Fontinel-Gibran has earned her poetic license.

POETIC LICENSE

'A DIVINE RIGHT TO WRITE' / POEMS AND EPIGRAMS

In a literary landscape littered with ponderous rhymes and too-confessional verse, it is a joy to come across a strong collection of light poetry, works that flit across the world’s brighter surfaces while only occasionally sneaking beneath to peek at darker depths.

Fontinel-Gibran’s slick, slim new collection is a mostly gratifying sequence of what one might call diversionary poetry that delights even as it defies the genre’s subtle pull toward more doleful themes. The sense that this is a happier verse experiment is confirmed early, in adjacent works entitled “The Blue Law” and “Officially Desserted.” The first is a celebration and origin story of the ice cream sundae. The second is simply an unbroken, page-long list of sweets, from Bananas Foster to Burnt Sugar Marzipan to Coconut Glamour Cake—mouthwatering. Other poems take up or touch upon the joys of gustation, among them “Fringe Benefits,” “The Danes’ Delight” and “Make the Coffee!” Yet Fontinel-Gibran by no means confines herself to culinary themes. “Don’t You Remember; How to Play Flag Football?” sings the joys of gym class: “Even girls play football in gymnasium class; dreaming of wearing one day perhaps an amber football mum on Homecoming night.” “Geoffrey Gopher Would!” playfully laments the rodent tearing up the front yard: “There were just, no way to convey to him, to stop digging up those fucking mounds.” In most of these pieces, Fontinel-Gibran writes in line-less prose poetry, a daring choice, the only drawback being that it sometimes lets the author slip into purple language, as in “The Lonely Number”: “It’s true, by way of separating out from all other organisms, physical objects and realities, the enlightened being grows into a specified, philosophical, regular ‘unit’ on an everyday basis, that ultimately reveals itself through being at peace and in harmony with all other aspects of existence.” This abstraction threatens to fall away into drivel. But there’s more fun than philosophizing in this volume, and it’s well worth the read.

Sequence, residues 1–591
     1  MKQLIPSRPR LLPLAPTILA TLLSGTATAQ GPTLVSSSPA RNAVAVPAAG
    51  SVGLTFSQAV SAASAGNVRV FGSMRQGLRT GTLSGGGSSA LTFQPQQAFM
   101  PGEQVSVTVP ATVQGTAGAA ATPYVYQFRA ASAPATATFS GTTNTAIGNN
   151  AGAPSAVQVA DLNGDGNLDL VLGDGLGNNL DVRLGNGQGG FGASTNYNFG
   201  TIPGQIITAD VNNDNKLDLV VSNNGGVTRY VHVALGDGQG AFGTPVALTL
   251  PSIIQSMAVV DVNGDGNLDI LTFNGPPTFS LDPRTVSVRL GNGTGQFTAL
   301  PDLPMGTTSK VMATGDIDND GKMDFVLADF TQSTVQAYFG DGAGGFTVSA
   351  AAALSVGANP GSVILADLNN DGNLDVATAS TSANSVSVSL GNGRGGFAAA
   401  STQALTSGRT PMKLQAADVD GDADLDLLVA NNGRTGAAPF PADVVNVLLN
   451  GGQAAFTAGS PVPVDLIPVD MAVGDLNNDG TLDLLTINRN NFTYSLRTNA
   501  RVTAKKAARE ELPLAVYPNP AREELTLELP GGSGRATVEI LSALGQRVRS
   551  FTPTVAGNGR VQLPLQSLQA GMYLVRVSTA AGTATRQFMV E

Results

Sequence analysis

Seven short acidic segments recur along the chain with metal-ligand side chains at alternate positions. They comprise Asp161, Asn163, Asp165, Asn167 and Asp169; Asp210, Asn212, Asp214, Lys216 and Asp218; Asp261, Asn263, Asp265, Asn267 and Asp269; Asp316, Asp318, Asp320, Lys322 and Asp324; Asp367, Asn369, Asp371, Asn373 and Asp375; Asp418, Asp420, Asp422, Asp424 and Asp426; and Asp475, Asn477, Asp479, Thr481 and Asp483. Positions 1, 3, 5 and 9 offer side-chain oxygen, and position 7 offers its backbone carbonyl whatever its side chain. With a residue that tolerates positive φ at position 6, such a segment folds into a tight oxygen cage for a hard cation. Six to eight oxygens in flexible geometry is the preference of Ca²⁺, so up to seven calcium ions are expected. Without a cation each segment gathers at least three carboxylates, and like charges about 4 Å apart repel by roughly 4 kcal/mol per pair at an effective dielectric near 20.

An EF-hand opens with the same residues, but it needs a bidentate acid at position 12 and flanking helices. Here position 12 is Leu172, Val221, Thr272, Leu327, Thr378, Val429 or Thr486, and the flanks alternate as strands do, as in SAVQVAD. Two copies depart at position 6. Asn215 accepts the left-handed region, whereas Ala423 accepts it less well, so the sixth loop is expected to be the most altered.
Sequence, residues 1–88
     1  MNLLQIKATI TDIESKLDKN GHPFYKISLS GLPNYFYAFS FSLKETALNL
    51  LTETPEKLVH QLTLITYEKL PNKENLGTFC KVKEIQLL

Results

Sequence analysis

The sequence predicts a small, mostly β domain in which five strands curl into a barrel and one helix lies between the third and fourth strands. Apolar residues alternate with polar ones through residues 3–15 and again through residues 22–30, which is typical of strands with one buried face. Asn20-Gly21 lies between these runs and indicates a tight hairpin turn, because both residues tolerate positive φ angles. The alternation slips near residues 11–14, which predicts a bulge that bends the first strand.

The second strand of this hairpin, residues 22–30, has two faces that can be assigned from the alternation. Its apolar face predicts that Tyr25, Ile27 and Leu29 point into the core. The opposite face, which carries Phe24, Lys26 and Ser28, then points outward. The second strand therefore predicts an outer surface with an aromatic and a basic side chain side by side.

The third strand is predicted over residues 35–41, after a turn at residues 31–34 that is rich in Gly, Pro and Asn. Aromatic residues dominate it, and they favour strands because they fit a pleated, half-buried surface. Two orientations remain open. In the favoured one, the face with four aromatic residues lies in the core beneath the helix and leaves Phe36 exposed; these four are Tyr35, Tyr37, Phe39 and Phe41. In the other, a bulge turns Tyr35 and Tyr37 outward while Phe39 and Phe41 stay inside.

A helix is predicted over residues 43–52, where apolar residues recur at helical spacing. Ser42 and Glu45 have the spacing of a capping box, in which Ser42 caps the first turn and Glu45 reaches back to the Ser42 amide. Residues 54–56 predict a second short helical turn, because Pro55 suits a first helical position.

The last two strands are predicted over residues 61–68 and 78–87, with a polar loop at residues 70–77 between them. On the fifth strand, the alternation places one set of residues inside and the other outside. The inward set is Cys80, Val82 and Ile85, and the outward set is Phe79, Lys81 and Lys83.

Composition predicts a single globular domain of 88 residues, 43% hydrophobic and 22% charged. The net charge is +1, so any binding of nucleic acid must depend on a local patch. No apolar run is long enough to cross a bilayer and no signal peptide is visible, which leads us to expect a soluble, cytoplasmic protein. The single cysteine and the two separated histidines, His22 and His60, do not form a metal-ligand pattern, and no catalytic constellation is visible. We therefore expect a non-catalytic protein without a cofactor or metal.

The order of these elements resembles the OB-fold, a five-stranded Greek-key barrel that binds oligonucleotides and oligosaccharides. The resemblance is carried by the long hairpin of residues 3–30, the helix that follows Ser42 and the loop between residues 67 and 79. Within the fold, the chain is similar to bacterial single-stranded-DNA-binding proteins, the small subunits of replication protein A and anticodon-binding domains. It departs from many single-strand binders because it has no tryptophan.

Fontinel-Gibran has earned her poetic license.

Pub Date: April 14, 2014

ISBN: 978-1496902818

Page Count: 142

Publisher: AuthorHouse

Review Posted Online: Nov. 24, 2014

Kirkus Reviews Issue: Jan. 1, 2015

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A volume of ambitious and engaging poems.

THE POWER OF THE TELLING

COLLECTED POEMS

A collection of poetry focuses on everyday beauty and wonder.